The Queen was there in the first row with Anna Wintour. The first lady of fashion sat huddled, hiding her expressions behind large opaque glasses. But not the first lady of everywhere else, the Queen.

Her eyes crinkled in genuine interest, engaged and enthused. The doyenne of fashion writing aka Ms Wintour dare not move a muscle in her 5,000-quid dress and sat more still than a mannequin. The Queen’s eyed followed those flawless models up and down the ramp and she loved it.

It was a sight to behold.

The monarch who has seen more history than any other head of state enjoyed every minute of her unusual outing. Not an expression out of place at the designs which, to her mind, would have seemed really unsuitable, if you please. But she gets it! And that’s why her appeal and affection among young and old has been constant, with a few ripples now and then. Even though she could have very little to connect with starving models and six inch heels, she appeared to be clearly in touch even if it was to make her look at home in unusual surroundings at a LFW catwalk (there is a strategy group inside the palace which only thinks about keeping the monarchy viable in the long term and who may have thought that this was a nice move). Well, good for them.

The Queen was there in the first row with Anna Wintour. Photo: Reuters

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That really reminded me of a certain Mrs Gandhi – the elder one and not the younger or the middle one… who unleashed Indian culture on the globe through those festivals of India with the mirrorwork stoles, Bankura horses and chaat. She would be there to open each one of them!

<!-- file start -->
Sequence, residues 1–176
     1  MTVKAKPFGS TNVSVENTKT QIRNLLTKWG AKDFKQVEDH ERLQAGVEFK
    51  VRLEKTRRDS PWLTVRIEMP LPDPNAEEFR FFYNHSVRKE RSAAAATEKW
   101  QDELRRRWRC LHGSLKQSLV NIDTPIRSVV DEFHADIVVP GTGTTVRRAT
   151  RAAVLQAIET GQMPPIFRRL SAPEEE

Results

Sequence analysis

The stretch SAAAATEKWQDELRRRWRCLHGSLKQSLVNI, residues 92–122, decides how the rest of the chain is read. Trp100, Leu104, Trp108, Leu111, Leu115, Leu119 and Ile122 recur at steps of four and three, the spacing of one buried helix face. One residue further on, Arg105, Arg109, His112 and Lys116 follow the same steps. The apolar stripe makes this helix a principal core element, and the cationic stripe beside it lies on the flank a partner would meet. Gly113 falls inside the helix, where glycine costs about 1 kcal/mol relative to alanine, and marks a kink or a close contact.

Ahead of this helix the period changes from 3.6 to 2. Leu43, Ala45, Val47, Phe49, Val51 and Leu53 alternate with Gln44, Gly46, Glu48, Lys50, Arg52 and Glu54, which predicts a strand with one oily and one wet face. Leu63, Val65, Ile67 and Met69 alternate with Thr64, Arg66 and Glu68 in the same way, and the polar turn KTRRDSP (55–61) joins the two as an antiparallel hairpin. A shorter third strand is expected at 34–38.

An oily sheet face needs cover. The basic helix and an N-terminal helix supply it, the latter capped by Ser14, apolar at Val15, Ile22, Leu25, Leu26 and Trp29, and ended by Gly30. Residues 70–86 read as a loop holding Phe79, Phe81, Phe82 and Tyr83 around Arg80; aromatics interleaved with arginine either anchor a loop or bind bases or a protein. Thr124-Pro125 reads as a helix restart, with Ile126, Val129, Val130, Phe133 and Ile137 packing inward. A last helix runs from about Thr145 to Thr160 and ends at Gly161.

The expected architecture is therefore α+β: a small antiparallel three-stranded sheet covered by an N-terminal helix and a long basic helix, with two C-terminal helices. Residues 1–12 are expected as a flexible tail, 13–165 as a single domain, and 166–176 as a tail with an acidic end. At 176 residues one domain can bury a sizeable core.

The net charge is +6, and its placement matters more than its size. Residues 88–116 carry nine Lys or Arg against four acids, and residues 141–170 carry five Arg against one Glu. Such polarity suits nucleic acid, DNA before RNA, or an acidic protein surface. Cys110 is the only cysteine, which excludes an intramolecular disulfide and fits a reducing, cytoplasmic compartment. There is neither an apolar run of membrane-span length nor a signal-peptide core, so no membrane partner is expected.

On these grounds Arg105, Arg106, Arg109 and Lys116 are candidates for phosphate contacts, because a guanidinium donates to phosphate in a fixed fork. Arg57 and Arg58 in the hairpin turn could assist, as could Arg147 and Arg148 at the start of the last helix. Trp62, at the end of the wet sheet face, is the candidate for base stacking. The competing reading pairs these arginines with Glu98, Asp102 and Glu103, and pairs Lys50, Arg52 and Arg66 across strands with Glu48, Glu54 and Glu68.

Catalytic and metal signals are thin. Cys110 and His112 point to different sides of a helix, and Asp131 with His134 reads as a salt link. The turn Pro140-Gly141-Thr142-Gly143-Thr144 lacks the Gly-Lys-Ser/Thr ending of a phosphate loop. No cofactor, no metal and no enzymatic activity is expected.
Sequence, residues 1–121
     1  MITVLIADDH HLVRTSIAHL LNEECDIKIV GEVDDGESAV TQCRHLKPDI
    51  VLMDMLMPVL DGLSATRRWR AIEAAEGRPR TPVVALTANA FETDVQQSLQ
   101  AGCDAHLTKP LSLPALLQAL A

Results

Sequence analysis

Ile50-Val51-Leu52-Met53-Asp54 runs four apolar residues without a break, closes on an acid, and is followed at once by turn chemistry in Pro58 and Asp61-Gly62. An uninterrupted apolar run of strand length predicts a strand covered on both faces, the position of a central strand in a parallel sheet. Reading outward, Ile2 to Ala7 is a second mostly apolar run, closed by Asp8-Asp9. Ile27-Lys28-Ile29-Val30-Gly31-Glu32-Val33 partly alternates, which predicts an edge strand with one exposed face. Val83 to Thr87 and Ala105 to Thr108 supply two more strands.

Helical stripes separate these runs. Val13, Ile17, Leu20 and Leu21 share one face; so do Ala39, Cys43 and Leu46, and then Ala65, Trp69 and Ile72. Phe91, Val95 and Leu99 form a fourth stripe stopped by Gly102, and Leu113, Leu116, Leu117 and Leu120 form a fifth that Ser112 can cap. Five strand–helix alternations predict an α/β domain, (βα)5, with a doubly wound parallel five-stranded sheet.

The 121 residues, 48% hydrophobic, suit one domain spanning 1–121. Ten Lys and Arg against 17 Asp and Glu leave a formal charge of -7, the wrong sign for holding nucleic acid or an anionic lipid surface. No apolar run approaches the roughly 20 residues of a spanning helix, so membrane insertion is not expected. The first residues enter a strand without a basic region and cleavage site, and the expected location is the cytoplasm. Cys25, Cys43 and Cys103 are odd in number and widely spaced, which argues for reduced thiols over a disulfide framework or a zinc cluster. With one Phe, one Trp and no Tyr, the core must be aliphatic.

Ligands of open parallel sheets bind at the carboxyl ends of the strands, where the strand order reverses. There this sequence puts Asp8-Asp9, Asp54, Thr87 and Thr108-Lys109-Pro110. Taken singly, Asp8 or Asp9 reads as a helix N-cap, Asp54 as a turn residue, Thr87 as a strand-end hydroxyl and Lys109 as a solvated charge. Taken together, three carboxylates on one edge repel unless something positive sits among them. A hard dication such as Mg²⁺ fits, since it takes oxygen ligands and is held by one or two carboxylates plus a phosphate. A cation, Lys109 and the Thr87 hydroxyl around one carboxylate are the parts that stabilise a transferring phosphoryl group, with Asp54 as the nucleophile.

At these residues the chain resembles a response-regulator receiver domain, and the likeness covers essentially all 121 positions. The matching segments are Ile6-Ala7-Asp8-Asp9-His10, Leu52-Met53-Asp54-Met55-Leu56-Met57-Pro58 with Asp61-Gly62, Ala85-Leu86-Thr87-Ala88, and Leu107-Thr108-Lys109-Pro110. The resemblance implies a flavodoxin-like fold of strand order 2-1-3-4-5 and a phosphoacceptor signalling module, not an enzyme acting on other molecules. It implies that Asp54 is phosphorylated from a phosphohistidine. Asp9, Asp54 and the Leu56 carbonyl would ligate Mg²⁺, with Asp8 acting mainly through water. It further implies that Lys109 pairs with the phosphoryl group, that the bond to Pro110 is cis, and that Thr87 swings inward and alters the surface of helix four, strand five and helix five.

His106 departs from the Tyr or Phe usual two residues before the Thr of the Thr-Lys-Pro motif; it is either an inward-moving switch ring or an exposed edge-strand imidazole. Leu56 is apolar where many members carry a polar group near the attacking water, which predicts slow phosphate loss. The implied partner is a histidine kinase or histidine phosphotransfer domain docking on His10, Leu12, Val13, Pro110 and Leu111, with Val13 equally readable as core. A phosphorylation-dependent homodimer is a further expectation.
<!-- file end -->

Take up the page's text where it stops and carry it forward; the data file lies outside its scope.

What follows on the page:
With her would be the crème de la crème of Indian design, arts and an occasional socialite. She would rush to valley to see the Chinar in the fall and she would walk through a back path to chat with her best friend. She didn’t hide her small pleasures.

Just look at her snapshots chatting stylishly in French to the president in Paris. Her knee-length long coat over her signature sarees and the white flourish in her hair showed a woman who had power and who didn’t need to overtly wield it just to show that she had steel in her spine.

And she laughed often. I once saw her waving away from the front seat of the cart taking her around Pragati Maidan and I can swear, she looked at me directly in the eye with an indulgent smile as I waved back. She would often go to buy sarees, enjoy music and show people that she, well had a life, and she enjoyed it.

There have been other instances where women politicians have given their support to the arts and culture, especially when treasures from the past, a performance by Zubin Mehta or never before works of renowned contemporary artists, have been on. An earlier president of the Congress party floored the audience at the National Gallery of Modern Art when Anish Kapoor came with his mind-blowing works when she spoke eloquently and with great understanding of his work and the influences. She spoke as if she was merely one of the audience and how lucky she was to see work by a seminal artist. There was no reference to her own power, position or equity, not that it was not intrinsic to that moment or couldn’t be felt or seen. That was beside the point and such gestures made hitherto unreachable people much more accessible.